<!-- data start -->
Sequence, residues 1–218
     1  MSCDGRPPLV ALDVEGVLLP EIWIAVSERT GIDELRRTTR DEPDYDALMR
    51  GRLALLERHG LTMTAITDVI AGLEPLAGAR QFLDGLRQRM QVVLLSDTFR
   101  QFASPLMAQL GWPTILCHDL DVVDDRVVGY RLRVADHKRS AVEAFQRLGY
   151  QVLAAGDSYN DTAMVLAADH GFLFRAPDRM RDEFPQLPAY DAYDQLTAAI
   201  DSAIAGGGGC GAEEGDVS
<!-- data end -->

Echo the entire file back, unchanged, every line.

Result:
Sequence, residues 1–218
     1  MSCDGRPPLV ALDVEGVLLP EIWIAVSERT GIDELRRTTR DEPDYDALMR
    51  GRLALLERHG LTMTAITDVI AGLEPLAGAR QFLDGLRQRM QVVLLSDTFR
   101  QFASPLMAQL GWPTILCHDL DVVDDRVVGY RLRVADHKRS AVEAFQRLGY
   151  QVLAAGDSYN DTAMVLAADH GFLFRAPDRM RDEFPQLPAY DAYDQLTAAI
   201  DSAIAGGGGC GAEEGDVS